That’s pretty much what I do in the cataloging part of the workflow. Simple keywording, some categorization tags that EM2 gives you. Then, by the end of the month (there’s only been one month since I’ve done this, so who knows if that’s a rule..) I would have taken all the images in the ingestion directories and had EM2 move them to an external drive with a hierarchy of directory “bins”, each “bin” directory no larger than about 4.7GB — the size of a DVD. The directory bins themselves contain directories that are named roughly as to the content of the images therein. Something like — “Tokyo 2008.” That’s good enough. There are bound to be images that are a bit of an orphan with no ur-topic to assign them a directory. These go into a directory named by the month and year — a kind of catch all for things that have no place.
Downside of EM2 as a cataloging program are a couple of annoyances. The interface is just okay — it can get awkward entering keywords to always have to click to create a new entry rather than just doing comma separated entry really quickly. It offers you a latitude/longitude/altitude field for the IPTC data of an image — but it turns out the canonical place to put that is in the EXIF data, which it, bafflingly, does not allow you to edit. So, you can type in your latitude/longitude/altitude, but many places/sites/tools that actually use that information look for it in the EXIF data, not the IPTC data. Complete fail. I think it’s crazy that the tool locks the EXIF data. They have a reason you can hunt for in the forums but, basically — it’s bone headed.

(5) My photo drive. A 1TB drive that like won’t get close to filling up before its technology is obsolete. It’s just a hierarchy of directories that contain directories that contain images. Each top level directory grows until it contains about a DVDs worth of images, and then I’ll burn it to DVD — although that may just be a waste of time considering that that media decays over time. Probably better to do a hard drive backup, keep a backup drive somewhere else and also backup to an online data service in the “Cloud.”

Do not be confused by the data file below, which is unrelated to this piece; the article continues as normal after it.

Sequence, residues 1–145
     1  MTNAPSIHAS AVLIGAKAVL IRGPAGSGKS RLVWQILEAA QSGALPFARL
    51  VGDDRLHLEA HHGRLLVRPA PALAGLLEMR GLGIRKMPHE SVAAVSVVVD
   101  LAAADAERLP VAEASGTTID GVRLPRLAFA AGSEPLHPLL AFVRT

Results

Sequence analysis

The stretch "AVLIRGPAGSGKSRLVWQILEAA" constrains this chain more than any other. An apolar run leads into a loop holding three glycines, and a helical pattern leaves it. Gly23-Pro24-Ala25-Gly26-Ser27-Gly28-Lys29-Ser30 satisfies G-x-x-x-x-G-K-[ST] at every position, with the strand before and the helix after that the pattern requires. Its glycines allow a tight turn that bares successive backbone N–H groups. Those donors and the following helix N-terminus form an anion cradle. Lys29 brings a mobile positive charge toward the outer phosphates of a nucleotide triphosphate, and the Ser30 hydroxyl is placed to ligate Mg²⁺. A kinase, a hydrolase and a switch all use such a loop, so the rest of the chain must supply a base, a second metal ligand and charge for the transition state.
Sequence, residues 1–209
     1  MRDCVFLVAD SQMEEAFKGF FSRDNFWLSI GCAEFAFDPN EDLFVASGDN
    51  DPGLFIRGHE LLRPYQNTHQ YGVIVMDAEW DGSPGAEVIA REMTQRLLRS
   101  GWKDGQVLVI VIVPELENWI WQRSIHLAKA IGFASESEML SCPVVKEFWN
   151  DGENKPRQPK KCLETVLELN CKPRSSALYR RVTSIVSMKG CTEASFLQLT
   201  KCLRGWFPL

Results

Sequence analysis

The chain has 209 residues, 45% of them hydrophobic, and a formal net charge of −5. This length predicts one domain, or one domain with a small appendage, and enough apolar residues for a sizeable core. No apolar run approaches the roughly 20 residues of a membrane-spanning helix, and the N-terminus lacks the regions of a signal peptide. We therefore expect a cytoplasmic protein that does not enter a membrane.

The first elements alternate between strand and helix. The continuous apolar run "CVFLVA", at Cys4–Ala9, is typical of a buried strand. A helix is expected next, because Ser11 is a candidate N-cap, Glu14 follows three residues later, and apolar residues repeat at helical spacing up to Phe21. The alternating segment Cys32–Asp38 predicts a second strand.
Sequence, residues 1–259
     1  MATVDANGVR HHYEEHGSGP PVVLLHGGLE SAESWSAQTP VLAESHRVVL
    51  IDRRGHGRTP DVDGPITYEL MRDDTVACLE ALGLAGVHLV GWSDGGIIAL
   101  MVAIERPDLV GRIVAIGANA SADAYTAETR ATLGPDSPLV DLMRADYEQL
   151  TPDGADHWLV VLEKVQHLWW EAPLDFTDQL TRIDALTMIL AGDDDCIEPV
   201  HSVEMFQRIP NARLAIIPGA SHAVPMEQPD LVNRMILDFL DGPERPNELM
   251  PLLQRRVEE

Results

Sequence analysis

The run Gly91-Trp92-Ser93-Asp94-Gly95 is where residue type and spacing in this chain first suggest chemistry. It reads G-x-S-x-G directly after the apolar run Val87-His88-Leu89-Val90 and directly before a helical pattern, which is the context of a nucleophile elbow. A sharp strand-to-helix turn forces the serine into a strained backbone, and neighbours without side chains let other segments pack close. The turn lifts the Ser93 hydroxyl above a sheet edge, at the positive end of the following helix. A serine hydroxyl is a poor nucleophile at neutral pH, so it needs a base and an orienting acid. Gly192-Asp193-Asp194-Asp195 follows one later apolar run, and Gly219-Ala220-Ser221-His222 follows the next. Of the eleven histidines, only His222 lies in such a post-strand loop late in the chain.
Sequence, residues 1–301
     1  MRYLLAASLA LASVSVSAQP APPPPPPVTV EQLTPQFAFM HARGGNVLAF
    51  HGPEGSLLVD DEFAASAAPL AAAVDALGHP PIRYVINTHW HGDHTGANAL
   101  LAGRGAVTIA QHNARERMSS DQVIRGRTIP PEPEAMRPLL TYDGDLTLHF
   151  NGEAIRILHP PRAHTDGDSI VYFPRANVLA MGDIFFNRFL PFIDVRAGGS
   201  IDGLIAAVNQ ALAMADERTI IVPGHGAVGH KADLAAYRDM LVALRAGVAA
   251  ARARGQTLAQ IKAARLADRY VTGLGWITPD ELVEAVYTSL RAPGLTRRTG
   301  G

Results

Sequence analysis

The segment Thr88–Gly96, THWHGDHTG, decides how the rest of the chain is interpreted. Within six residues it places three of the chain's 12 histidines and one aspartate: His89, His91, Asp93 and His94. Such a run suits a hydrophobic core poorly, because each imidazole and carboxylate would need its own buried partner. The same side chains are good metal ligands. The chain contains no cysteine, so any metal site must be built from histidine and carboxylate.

(6) A mirror of the photo drive that’s a bit smaller. Just for redundancy. I backup from the original every so often.

(7) Cloud storage. I use Jungle Disk to backup my photo drive to Amazon’s S3 cloud. That was a bit of an experiment to get some experience working with this cloud stuff. How well does it work in the workflow? What does it really cost after a couple of months of usage? Stuff like that. Last months charges where $2.28. I transferred in 2.325 GB, transferred out 0.348 GB, made a couple 10’s of thousands of requests to do stuff in the process of transferring in and out of data, and stored 12.611 GB on average over the course of the month. So, I’m okay with that $2.28.
Jungle Disk takes care of the backups, with a bit of fiddling and configuring. Of course, you can basically store anything that can be moved over a TCP/IP connection on the S3 service, so it could also be a system backup, albeit quite slow. I signed up for Jungle Disk Pro, so I can gain access to my files via a web browser, which I’ve only tried once, but I like the peace of mind that suggests. Worth the — whatever..$1 a month.

(7, also) ExifTool. Sometimes I use a set of simple scripts created for viewing and editing Exif data. ExifTool is a programming library written in Perl with a lot of features. I use it to write simple scripts that can run through my photo directories (which are only roughly organized by date) and do some renaming and indexing based on date. It’s something EM2 can do, too. I just like to be able to do it without relying on that.

That’s it. My over-the-top imaging workflow. Really, it’s probably too complex but I geeked out and tooled up.

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Subtly Noted

Saturday January 31 10:54

After passing by this a couple of times walking back from Venice Beach, I can’t help but wonder if this Pepsi advertisement is an allusion to the Obama victory. Without clearly saying so, it may be. I suppose knowing when it went up might help, if I were that interested. in any case, I can’t think of what else in the cultural landscape over the recent months might lead to one thinking — Hooray! Bernie Madoff? $350 billion given away to jackhole bankers? The recently completed building adjacent to the sign that looks like it was done by a barely passing master of architecture grad student?

Saturday January 31 10:52